Later, the vigilante group burnt down Kusasu market, a move Dogo insists helped rid the community of Boko Haram to some extent.
“What happened was, there was a time when Boko Haram attacked homes and vigilantes fought back. But the terrorists thought it was the townspeople who were fighting back and didn’t know they were vigilantes. They didn’t know that people had already run off.
“At that time Boko Haram [also known as Jama’at Ahl as-Sunnah lid-Daw’ah wal-Jihad or JAS] and some of the Fulani had formed an alliance,” he continues. Gradually, community members learned to differentiate between the two by the types of head covering or caps they wore. They noted that Boko Haram wore a turban while the other group of terrorists donned a type of cap, usually long, that reached the back of their necks. Also, Boko Haram in the area usually speak Hausa while the others use a different language.
A HumAngle report suggested the presence of Boko Haram in Dogo’s local government area in 2021. “The initial picture of the attacks in Munya and Shiroro LGAs painted by residents, vigilante forces, and security officials is a complex one that suggests that jihadists–likely JAS–are indeed operating in Shiroro, but that insecurity in the wider state has been driven more by the type of ostensibly non-ideological “banditry” that has rocked Nigeria in recent years,” it said.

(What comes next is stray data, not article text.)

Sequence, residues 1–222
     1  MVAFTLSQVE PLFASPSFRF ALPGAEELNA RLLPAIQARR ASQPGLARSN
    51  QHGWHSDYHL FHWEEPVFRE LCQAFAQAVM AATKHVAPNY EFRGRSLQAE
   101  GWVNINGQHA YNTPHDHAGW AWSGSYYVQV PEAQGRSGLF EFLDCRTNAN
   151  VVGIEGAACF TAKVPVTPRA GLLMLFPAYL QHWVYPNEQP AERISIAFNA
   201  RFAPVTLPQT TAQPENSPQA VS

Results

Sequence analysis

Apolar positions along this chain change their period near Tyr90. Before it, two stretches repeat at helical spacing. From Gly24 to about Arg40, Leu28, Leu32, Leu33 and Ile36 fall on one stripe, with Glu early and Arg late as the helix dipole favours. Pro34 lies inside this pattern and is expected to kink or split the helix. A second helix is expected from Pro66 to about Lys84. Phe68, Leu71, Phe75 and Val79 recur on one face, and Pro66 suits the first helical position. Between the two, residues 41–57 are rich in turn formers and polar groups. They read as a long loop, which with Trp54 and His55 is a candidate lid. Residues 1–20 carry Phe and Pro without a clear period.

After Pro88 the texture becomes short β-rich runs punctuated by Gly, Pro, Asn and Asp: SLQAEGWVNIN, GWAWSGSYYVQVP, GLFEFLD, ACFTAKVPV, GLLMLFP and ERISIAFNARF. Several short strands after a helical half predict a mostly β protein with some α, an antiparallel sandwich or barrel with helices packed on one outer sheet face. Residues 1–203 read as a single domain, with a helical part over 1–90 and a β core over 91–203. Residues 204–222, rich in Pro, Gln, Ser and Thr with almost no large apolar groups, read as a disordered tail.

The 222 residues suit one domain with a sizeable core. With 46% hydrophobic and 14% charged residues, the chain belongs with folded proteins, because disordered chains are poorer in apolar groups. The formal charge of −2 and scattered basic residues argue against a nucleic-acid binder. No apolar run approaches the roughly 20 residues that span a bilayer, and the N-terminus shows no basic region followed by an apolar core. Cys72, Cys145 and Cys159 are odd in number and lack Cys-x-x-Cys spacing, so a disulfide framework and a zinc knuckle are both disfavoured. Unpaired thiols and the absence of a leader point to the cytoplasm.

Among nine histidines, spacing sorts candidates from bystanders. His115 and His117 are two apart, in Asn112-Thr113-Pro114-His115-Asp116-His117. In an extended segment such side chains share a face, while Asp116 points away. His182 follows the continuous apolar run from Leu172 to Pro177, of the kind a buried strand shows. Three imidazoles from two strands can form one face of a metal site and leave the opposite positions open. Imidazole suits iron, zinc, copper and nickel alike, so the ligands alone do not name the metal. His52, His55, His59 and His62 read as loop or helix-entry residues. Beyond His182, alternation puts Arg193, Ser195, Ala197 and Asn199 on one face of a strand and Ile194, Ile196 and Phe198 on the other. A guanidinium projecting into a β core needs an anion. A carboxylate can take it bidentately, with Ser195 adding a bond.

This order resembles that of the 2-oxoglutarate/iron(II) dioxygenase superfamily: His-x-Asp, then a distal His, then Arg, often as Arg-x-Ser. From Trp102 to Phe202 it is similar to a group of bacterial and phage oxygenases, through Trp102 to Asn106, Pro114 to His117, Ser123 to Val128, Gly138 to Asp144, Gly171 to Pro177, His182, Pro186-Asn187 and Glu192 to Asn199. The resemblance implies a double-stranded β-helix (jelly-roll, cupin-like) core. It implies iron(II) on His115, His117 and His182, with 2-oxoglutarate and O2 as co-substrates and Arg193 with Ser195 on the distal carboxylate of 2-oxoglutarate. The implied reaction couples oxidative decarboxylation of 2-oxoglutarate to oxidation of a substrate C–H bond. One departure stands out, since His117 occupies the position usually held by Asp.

It was at this point of understanding the dangers confronting them that many started packing their belongings. For a whole week, using a motorcycle, Dogo shuttled between Maigu and Shiroro Dam, where he later got a vehicle that transported his property to Gwada, located approximately 33 km away from Minna.
“Some of my things are still there today,” he says.
Terrorists from Buruku
Unlike other settlements within Niger State, the terrorists using Maigu as their path to other communities and resting place seemed bent on keeping a relatively non-violent relationship with Maigu residents.